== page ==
This is one of those of those stories that I come back to as the mood takes me, so my progress is infrequent and irregular. The rest of it can be read here, if you want to start at the beginning or just refresh your memory.
The outer doors were open - old Belinda must have done that, anticipating the need to escape across the water - and Tammon was able to reach out and shove off them, increasing their speed a little. The boat rocked alarmingly, but didn't spill him out.
It was the largest of the boats in that boathouse, doubtless chosen so all the children could hide behind it, but it was barely enough to hold them. The children were huddled together in the middle of the boat, as low as they could get; driven there by a mixture of instinct and intelligent caution. Old Belinda was at the far end, which was now - mainly because of the way they were drifting - the front. Tammon and Shannan were at the back, closest to the boat house and the shore.
There was a loud crack behind them as one of the Forsters kicked open the smaller, shore-side door leading into the boathouse. The darkness inside made him hesitate, a massive silhouette tightly framed by the doorway. Then he caught sight of the boat and roared a command.
Other figures, equally large and solid, raced around the sides of the boathouse. Like the River People, no two of the Forsters looked quite alike. Most were tall, around six feet, and heavily muscled... but this one had four small, upswept horns on his forehead, and that one had two sets of vestigial arms hanging from its chest; this one was entirely covered in fur, and that one had a long tail that curled and lashed behind it. The one that had smashed his way into the boat house appeared to lack fingers entirely, having claws like knife-blades in their place.
He was the first to pursue them, hurling himself recklessly into the water. Another, the one with the horns, evidently heard the splash and followed his example, hopping down from the bank and wading out into the waters. On the shore behind him, the furry one leaned back and hurled a spear, which arched up and then dropped towards the boat with devastating precision.
Tammon felt Shannan move beside him. The movement was enough to rock the boat, but not to upset it - she had learned from his experience with the doors. She leaned towards the center, where the children crouched and lay, and as the spear came down her hands flashed out in a quick double slap. The first blow turned the point aside; the second caught the falling shaft as it spun around. She rotated the spear and laid it along the side of the boat.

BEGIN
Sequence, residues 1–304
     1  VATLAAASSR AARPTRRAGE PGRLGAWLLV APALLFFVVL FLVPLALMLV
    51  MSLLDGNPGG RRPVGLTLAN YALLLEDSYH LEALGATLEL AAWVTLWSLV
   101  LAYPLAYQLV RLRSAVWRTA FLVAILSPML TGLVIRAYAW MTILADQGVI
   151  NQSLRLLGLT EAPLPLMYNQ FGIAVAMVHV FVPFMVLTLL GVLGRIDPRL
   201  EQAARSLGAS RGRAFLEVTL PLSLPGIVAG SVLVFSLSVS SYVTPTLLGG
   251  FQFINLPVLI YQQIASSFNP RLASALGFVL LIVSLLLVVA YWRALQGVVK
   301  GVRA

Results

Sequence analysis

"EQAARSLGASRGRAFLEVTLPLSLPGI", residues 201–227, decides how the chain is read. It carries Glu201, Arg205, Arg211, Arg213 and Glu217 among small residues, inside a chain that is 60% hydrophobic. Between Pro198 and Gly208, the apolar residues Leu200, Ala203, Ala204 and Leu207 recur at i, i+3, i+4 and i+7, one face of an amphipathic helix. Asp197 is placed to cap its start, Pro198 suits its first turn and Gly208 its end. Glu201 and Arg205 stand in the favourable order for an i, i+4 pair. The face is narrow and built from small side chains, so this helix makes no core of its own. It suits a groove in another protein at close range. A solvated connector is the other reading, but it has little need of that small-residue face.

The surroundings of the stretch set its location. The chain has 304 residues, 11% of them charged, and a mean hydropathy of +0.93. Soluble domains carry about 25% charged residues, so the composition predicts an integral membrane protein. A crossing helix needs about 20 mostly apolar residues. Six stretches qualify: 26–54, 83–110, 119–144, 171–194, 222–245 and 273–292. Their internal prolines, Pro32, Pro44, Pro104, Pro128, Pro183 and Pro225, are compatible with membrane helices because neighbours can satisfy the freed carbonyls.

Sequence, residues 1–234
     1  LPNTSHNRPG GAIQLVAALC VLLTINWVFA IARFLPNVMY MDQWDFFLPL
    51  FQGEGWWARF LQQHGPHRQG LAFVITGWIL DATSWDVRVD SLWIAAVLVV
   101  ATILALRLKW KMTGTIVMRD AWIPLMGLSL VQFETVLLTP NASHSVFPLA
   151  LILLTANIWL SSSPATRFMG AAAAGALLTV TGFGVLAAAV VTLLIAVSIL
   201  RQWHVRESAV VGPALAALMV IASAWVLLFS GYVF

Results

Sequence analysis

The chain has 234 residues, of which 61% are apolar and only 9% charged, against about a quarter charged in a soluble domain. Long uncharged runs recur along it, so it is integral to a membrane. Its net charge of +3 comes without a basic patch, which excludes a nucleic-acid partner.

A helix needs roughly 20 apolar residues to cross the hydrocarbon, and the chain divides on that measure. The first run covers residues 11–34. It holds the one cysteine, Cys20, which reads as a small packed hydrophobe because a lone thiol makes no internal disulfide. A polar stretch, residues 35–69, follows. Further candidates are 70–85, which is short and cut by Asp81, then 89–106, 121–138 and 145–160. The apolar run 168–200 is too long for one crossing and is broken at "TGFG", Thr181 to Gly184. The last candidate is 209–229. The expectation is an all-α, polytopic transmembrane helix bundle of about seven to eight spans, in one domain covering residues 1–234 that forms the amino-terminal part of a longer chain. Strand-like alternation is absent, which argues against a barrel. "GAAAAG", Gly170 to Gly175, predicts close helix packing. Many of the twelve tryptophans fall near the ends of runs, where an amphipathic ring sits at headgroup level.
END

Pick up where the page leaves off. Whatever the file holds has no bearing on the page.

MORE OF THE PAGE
One of the children whimpered softly.
Straightening slightly as Shannan settled back, Tammon looked again towards the shore. The knife-handed Forster had barely cleared the doors of the boat house before something pulled him under. His companions hadn't noticed his absence, yet. The other one, the one with the horns, was up to his shoulders in the water when his expression changed. He turned back towards the shore, but too late. Something had him, and the water around him was starting to change color.
Good, thought Tammon. That will keep the fish distracted. Nobody knew exactly what lived in the river these days - the streams and inlets, natural and artificial, were their own ecosystems, and havens for species seeking escape from the deeper waters. On its own, their boat - even metal - might attract some attention, some curiosity from something deeper in the water. Forster blood might draw everything nearby, though of course there were no guarantees.
Then something launched itself from the water. Faster than an arrow in flight, it impaled the Forster with the extra arms and dragged it into the river. Though he had seen it happen, Tammon was unsure just what had struck: a snake, a tentacle, a spearing fin from some heretofore unknown species of fish? He wasn't even sure it had been an animal. It might have been some underwater vine or weed, pulling in food so that remnants and scraps would filter down to the riverbed when the fish were done, and thereby nourish it. It was certainly nothing Tammon cared to investigate more closely...
And evidently the remaining pair of Forsters felt the same way. The one with the fur and the one with the tail turned and sped away, forsaking the river and making for the village, or maybe the forest beyond it.
"As much as you can, be still," said Tammon, directing his voice towards the children. Several were looking at him; three actually nodded. Good enough. He didn't want to explain; no telling if the things in the water could hear voices.
There was nothing left to do but cultivate patience. Even if they had brought oars, using such things would have been a risk. They were at the mercy of the current, now. Taking his own advice, Tammon settled back beside Shannan and tried to relax.
In the front of the boat, old Belinda was already asleep.